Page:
Are they listening to the music/scene they are recording for? Do they hear themselves or are the headphones designed to cover up their own voices?
Disneyland has a tour for music students called Disney Magic Music Days, and for part of the tour you get to use a music studio backstage and record music to go over a scene from one of their movies. They generally gave us recording headphones. They’re not noise cancelling, because it’s important to be able to hear yourself, generally they give you a metronome beat.
However, this was with a live ensemble, singers who record absent a band (or in separate rooms to avoid microphones picking up other parts) may well be fed the music they’re singing along with.
They’re also often patched in to the sound engineer who is usually in a separate sound-proof room so they can give feedback during/in-between recording sessions without affecting the recording itself. E.G. The engineer could say “a little quieter” and they can instantly adjust instead of having to stop the recording and start another take because the mic picked up the instructions. (IIRC Disney had us patched into the soundboard guy as well, but he was usually fairly quiet because we had a conductor)
They are used to provide the performer with enough context to sing, but avoid bleed into the microphone used to record them.
At its most basic - there is a click track - the metronome. All the way up to the entire backing band - although this would be distracting, but at least a rhythm track. A rap artist would have the appropriate “beats” to rap against. There will be some of the singer’s own voice mixed back into the headphones so that the whole thing sounds reasonably natural, and also allows them to exploit the microphone’s proximity effects whilst hearing the result.
I am a voice actor, I hear my own voice and the voice of the studio engineer, as mentioned upthread. You need to hear your own voice, because as we all know, you sound different when you hear yourself being played back at you than you do in your own head. You get the sound the way it is actually recorded, rather than the sound you think you recorded.
Sometimes I might get additional sounds that I need to react to, like another voice. Or “when you hear [BEEEEEP] put down your pen”. (It could easily be recorded without the beep, but the breathing is more natural with the beep, and it’s so simple to do.)
Sometimes I listen to my own voice, so that I’ll sound the same if we’re recording something for the same thing some time after recording the first part.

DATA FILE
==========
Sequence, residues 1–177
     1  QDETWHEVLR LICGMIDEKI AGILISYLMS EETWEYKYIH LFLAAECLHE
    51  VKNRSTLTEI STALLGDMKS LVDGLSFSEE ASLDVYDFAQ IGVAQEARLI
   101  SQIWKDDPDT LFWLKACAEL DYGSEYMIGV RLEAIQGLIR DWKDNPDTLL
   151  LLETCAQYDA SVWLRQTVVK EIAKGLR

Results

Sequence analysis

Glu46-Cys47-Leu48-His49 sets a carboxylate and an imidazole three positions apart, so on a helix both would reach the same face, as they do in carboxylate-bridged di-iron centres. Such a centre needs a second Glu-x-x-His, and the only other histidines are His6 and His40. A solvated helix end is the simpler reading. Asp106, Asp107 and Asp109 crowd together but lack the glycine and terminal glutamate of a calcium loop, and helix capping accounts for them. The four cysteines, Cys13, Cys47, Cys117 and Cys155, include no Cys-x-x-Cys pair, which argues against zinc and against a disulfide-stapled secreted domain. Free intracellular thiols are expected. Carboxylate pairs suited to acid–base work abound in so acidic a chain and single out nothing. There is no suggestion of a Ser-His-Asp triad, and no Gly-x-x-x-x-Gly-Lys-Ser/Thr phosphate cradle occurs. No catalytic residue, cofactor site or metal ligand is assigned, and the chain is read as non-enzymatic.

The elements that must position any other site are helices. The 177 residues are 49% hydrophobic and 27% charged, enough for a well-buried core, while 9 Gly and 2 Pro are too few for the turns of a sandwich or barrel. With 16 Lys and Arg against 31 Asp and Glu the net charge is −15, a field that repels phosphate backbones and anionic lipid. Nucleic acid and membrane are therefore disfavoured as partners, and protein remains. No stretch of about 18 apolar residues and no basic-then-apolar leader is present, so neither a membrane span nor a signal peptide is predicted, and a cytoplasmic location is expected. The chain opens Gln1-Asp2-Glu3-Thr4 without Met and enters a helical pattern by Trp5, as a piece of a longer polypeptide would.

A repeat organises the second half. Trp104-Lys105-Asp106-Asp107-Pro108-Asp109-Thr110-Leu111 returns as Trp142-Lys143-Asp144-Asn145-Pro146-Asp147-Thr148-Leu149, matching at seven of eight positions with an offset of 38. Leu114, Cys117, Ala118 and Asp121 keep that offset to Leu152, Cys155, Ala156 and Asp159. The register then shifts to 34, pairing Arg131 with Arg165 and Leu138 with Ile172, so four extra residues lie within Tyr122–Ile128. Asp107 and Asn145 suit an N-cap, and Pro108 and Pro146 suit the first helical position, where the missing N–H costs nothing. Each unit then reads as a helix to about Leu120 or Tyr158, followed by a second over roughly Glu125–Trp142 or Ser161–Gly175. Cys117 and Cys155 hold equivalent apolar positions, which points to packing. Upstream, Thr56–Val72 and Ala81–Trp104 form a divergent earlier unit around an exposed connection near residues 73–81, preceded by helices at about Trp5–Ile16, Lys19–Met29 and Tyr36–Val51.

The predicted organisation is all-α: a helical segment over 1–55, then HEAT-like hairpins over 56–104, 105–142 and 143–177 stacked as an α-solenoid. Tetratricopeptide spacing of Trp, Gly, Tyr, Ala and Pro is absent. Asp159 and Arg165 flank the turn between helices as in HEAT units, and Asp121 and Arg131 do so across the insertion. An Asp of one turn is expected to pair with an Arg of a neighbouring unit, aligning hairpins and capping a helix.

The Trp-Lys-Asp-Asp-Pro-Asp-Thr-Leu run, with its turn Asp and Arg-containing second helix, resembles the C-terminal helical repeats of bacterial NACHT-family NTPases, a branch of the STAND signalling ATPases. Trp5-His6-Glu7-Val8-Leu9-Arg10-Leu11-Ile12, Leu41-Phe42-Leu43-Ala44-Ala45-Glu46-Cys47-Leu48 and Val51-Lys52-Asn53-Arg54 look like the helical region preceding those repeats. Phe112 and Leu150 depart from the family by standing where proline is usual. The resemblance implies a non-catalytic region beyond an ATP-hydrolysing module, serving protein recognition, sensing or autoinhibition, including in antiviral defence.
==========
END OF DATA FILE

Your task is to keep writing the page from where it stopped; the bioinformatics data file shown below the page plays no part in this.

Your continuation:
I’ve done voice work, and headphones give me a more accurate way to hear my voice as it will sound in the final recording. This way, I can enunciate more clearly, add more intonation, and modify my breathing and rhythm as I need to based on how others will hear me as opposed to the sound of my voice as it resonates through my chest and throat.
Im an audio engineer. The above posts are correct. We create a custom mix for each performer using the pre fader auxiliary sends (we just call em aux sends or cue sends) on the console or in the DAW (digital audio workstation).
a click is common. but we can put anything in there needed to help the artist realize the performance most effectively.
It’s called a “cue mix”, also “monitor” in the US and “foldback” in the UK. In general, it’s whatever the performer wants to hear, to produce his or her best performance.
Most performers use the headphones normally, but some use variations like pulling one headphone cup off the ear so they can also hear their voice naturally. (I think they’re nuts, but whatever works.)
As mentioned above, headphones are used to keep the cue mix from leaking into the microphone. Not only does that make subsequent mixing simpler, but any of the tracks in the cue mix might be replaced later, and you don’t want the ghost of an old replaced piano part in the vocal track.
In most cases, they are listening to themselves, other voice actors, or sound cues.
They need to listen to themselves because they have the ears to pick up when something has gone wrong, and a retake must be done.
A great mic can pick up the slightest sound, and a voice actor has to know it happened.
With a band, the members often get individual mixes of whatever they want. Often the drummer is boosted up so everyone can keep to a common beat. I’ve been to a couple of sessions where they even mixed in a metrnome.